Yesterday we told you about Scotts 20" push mower and while it may be nice, quiet, and all right for the Birkenstock wearers, there's one thing you'll never be able to do with it; strip it down and turn it into a high performance drag racer.
We can't imagine that anyone would ever look at a blowing leaf pile and think, "I bet if I encased that pile in a crunchy corn syrup-like product, it wouldn't be able to blow away." We also can't imagine that enough people would approve of the idea in order for it to make it to market. But it's out there and it's called Toro's Leaf Lock.
This Old House has info on Leaf Lock and almost 20 other bizarre gardening products over at their site. Check it out here.
...And you thought that doing the bathroom renovation was difficult. Here's a guy who spends his time figuring out how to move 90,000 pound rocks around his yard. He does it all by himself with no modern technology whatsoever. The video is sort of long (over 6 minutes), but it's worth the watch.
Since we're feeling pretty lazy this morning, we're just going to glom onto the hard work and effort of others. Here's what else is going on around the tool blogging world:
Tool King has just released their own line of tools called TKTools. At the moment it looks like they've got a few cordless drills and a nice looking driver. Their blog, Toologics, has all the info here and here. Check out the bit case that comes with the driver. Whoa.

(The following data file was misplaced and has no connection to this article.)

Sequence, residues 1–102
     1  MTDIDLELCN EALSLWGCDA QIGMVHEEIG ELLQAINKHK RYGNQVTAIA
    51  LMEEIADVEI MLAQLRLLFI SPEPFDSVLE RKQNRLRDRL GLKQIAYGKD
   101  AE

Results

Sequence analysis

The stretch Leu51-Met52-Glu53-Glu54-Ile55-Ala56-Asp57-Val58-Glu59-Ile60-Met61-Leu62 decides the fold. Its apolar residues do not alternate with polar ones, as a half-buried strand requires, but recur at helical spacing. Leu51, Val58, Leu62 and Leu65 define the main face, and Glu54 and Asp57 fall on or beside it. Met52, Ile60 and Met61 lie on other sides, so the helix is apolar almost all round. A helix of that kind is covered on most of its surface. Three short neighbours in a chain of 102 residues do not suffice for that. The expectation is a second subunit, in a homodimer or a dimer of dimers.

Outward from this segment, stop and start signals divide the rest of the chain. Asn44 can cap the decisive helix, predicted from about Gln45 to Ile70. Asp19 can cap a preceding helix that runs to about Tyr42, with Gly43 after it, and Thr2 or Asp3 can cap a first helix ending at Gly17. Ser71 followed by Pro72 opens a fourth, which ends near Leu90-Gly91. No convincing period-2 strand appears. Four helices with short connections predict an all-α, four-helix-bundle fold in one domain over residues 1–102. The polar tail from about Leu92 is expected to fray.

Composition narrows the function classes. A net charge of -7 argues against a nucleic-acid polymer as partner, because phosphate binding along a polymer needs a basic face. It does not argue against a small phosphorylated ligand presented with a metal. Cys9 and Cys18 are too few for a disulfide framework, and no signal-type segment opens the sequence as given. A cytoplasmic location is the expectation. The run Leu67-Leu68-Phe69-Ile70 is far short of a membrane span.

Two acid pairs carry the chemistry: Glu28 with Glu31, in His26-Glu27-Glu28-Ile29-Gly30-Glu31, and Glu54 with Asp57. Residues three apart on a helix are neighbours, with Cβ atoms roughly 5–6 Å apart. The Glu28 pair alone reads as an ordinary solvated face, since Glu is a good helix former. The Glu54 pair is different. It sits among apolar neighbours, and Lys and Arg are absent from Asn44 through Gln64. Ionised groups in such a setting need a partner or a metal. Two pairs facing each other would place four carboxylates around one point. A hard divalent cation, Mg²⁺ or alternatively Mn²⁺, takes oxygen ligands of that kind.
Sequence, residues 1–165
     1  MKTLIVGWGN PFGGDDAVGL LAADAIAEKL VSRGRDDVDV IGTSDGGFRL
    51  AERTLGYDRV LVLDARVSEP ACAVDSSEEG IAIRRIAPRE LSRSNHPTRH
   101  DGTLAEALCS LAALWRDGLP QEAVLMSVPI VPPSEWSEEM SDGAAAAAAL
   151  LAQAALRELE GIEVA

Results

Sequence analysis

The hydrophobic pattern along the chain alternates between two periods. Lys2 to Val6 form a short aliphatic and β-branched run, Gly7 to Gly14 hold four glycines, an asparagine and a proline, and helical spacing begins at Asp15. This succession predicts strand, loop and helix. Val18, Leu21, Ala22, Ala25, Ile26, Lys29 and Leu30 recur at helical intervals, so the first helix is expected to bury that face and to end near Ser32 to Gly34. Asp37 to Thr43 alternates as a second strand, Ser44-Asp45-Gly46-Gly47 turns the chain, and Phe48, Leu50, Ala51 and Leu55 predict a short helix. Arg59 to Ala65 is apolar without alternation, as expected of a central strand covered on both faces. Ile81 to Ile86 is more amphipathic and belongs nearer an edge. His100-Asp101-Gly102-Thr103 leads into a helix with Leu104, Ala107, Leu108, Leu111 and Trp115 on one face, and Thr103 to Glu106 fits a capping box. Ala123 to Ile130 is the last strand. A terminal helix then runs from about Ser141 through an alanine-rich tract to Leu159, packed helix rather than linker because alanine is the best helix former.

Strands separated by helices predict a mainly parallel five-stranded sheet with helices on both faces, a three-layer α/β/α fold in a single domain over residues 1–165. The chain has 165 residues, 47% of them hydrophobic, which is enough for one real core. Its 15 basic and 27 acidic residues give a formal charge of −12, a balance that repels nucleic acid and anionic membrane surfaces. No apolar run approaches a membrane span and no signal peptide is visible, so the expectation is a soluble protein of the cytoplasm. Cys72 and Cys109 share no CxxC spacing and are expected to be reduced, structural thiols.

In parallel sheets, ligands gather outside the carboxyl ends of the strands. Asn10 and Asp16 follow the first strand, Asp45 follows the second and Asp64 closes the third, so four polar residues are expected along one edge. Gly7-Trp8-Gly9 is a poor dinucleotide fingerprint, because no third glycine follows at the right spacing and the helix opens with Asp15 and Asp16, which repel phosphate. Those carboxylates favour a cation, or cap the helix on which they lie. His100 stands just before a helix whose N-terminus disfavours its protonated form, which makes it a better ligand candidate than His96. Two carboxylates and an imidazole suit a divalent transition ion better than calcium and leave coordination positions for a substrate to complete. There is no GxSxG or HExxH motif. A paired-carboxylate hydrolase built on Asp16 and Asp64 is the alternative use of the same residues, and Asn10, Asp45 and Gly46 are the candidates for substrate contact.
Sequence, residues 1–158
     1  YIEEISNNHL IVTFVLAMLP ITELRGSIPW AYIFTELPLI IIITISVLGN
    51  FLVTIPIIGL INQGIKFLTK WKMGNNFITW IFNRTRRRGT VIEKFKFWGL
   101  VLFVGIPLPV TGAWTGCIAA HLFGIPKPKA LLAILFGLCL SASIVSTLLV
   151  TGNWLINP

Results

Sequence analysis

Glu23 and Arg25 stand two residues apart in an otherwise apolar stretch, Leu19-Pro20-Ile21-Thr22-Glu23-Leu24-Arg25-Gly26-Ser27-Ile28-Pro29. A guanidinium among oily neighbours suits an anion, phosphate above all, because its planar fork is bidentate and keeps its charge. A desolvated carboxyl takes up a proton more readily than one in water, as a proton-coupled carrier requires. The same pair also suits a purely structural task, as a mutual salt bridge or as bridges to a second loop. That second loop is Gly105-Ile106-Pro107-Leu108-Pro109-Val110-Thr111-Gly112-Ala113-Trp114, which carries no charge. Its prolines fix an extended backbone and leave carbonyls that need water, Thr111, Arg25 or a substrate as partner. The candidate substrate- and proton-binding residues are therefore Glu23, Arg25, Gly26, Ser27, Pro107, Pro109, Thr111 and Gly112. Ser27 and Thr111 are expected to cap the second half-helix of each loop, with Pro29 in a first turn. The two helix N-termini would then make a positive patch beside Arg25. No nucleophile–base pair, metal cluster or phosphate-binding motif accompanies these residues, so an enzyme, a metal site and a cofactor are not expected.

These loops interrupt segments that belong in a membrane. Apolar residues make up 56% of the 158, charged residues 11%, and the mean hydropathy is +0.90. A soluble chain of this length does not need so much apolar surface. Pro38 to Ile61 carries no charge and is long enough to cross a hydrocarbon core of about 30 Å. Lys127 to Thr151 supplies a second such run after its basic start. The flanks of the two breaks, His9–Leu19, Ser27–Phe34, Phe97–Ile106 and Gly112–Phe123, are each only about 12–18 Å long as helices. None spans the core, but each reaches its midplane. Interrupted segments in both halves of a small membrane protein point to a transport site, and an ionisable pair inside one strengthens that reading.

PartsSelect.com, an online retailer of appliance parts, is currently revamping their website and adding some things that we think are worth passing on. For one, they've put together a list of their top ten DIY websites. It's a great selection, ranging from the one-man-band of The Natural Handyman to the polished Better Homes and Garden's DIY site. The list has good descriptions of each site, letting you know what features they each have.
The Wall Street Journal has an interesting article by Kay Hymowitz about the rise of female DIYers.
Because tools marketed for women are more and more successful, but the number of women in the construction trades remains at a very low number, Hymowitz draws this conclusion:
No, the pink-hammer brigade is less interested in expanding career opportunities for women than in enlarging the traditional art of homemaking. Not so long ago, custom limited women's activities in that area to cleaning, sewing, cooking and perhaps a few crafts projects for those with extra time on their hands. Installing smoke alarms and reconfiguring a closet are simply an extension of the old domestic urge. That helps explain why single women are twice as likely to buy homes than single men, despite having considerably lower median incomes. According to Fannie Mae, the number of single female homeowners will soon almost double, to 31 million by 2010 from today's 17 million -- at least that was the prediction before the recent mortgage meltdown. It seems that you can take women out of the kitchen and nursery, but you can't take them out of the nest.
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